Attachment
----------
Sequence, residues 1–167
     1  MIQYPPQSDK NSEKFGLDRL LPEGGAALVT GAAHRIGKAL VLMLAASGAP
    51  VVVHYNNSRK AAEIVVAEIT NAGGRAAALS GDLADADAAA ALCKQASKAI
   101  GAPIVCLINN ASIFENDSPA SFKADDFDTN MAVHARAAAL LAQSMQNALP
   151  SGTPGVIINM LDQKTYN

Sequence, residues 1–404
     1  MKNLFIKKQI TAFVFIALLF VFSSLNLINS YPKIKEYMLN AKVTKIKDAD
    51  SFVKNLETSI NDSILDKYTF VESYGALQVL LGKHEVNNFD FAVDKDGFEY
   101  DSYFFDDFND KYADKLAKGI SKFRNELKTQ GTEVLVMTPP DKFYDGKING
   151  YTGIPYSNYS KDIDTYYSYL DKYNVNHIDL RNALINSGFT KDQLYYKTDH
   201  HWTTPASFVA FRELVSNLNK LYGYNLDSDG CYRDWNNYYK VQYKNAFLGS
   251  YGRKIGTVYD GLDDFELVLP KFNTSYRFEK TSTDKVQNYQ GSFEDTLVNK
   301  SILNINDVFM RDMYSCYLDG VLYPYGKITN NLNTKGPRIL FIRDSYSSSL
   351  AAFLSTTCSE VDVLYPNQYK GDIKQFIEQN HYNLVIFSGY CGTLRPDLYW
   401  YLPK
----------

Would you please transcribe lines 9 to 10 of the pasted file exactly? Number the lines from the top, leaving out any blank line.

   101  DSYFFDDFND KYADKLAKGI SKFRNELKTQ GTEVLVMTPP DKFYDGKING
   151  YTGIPYSNYS KDIDTYYSYL DKYNVNHIDL RNALINSGFT KDQLYYKTDH